In All American Boys, “the talk” is referenced a number of times throughout the book. As instructions relayed from parents to their sons, it’s not the sex talk (a staple of so many other YA novels) that weighs on the young men in Jason Reynolds and Brendan Kiely’s coauthored work. Instead, “the talk” turns out to be guidelines for how young black men are told to respond when confronted by a cop.1 Yet, despite following the instructions his parents laid out for him, Rashad, who narrates half of All American Boys, becomes the victim of police brutality.
YA literature is often described as gateway texts that offer younger readers an entrance to critical engagement with a written work, yet scholarship in this field rarely takes advantage of the opportunities they have so conveniently identified.2 Commentary by the authors of these YA novels, however, often provide the first vital steps into this discussion.
Jason Reynolds and Brendan Kiely’s co-authored text serves as an excellent mode of entry into this idea. Its collaborative writing provides an introduction to grasping ideas of positionality, privilege, race, and racism.
Reynolds and Kiely alternate writing chapters from the perspectives of two young narrators: Rashad (a junior in high school, a young man of color, an artist, and the victim of police brutality) and Quinn (a senior on the basketball team, a white bystander who witnesses the assault on Rashad, and a family friend of the officer responsible for the crime).
As both of these characters grapple to respond to the events that happened, they confront insights that complicate their understandings of their own identities. Rashad and Quinn both wrestle with the weight of mistakes—whether their own or others’. While Quinn recognizes his mistake in trying to ignore the situation, Rashad questions whether or not he’s made one (listening to the voices of the media, his mistake seems to be his choice of attire; listening to his brother, his mistake is deeper, spread across the color of his skin). Both men are then left to consider the mistakes of others, namely those of the police officer who assaulted Rashad.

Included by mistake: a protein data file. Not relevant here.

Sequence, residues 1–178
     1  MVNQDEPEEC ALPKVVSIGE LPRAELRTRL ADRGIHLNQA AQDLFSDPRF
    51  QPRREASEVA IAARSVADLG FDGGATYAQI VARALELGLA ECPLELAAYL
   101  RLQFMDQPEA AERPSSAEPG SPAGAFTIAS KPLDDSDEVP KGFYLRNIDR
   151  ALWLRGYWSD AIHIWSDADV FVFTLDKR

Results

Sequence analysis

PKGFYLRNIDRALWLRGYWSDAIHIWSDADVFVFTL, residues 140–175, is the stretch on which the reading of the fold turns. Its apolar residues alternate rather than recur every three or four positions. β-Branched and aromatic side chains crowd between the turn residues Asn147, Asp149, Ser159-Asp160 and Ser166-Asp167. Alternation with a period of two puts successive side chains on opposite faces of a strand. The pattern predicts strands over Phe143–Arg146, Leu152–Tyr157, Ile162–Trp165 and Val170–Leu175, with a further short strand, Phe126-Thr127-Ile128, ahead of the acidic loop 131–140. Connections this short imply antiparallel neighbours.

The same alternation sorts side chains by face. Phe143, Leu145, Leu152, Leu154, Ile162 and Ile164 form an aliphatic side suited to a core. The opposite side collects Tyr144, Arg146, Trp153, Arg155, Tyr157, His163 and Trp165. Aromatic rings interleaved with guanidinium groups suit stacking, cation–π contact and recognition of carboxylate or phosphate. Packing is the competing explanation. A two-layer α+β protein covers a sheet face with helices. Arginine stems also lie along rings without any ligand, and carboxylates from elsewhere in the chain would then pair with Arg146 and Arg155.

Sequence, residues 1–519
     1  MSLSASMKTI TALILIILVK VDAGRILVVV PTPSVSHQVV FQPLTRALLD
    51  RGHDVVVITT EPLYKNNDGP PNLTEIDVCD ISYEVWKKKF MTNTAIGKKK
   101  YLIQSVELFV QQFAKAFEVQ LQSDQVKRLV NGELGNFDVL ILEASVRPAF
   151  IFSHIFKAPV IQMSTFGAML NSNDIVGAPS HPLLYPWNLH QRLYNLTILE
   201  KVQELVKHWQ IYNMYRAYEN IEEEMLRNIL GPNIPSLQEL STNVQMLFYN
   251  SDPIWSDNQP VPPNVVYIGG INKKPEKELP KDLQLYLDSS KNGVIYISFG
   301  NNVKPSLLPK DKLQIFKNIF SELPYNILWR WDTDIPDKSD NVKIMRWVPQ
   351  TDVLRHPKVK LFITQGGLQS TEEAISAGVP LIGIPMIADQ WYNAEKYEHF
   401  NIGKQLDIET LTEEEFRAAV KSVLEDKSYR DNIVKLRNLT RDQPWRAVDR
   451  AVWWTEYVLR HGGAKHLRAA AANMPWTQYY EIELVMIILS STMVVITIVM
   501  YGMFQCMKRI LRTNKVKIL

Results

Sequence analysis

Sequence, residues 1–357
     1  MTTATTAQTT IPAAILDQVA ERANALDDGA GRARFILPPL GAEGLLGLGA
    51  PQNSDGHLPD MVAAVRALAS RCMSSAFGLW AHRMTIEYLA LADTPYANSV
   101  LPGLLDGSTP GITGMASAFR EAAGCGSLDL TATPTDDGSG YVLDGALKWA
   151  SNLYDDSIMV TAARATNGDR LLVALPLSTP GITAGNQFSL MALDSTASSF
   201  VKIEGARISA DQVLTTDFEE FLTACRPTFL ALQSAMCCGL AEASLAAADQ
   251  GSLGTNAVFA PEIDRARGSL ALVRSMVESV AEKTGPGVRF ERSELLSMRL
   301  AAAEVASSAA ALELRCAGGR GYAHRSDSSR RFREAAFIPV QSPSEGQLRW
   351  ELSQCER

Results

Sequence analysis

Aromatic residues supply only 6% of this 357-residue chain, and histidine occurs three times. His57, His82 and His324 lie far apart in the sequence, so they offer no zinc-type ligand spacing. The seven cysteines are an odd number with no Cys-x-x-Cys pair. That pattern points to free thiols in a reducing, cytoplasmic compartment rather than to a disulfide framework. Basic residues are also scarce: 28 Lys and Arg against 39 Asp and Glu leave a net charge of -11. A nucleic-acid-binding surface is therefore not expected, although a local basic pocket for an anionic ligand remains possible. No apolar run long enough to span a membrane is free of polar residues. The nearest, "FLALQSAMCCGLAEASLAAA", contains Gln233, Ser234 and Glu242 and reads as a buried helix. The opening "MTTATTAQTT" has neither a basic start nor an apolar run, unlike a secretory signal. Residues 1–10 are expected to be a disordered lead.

In many ways, this novel acts as a continuation of the themes explored by earlier YA writers like Walter Dean Myers. In Monster, Myers introduces Steve (a black high schooler with a creative streak) who narrates his trial in the form of a screenplay after being arrested on a charge of felony murder.
Commenting on the book, Myers identified that the weight of mistakes was a central theme to this work:
When you’re young, you make mistakes. The big thing that’s different now is that when I was a kid, you could survive your mistakes. […] The same kids that would have been in trouble and gotten a stern talking-to are now going to fail for fifteen or twenty years. Instead of bloody noses there are bodies lying in the street with chalk outlines around them. The values are basically the same, but it’s easier to mess up.3
While the question of how to respond to others’ mistakes and our own is a central theme woven throughout these novels, notions of race, racism, and privilege continually warp and complicate not only the errors that are made, but the conclusions one might come to.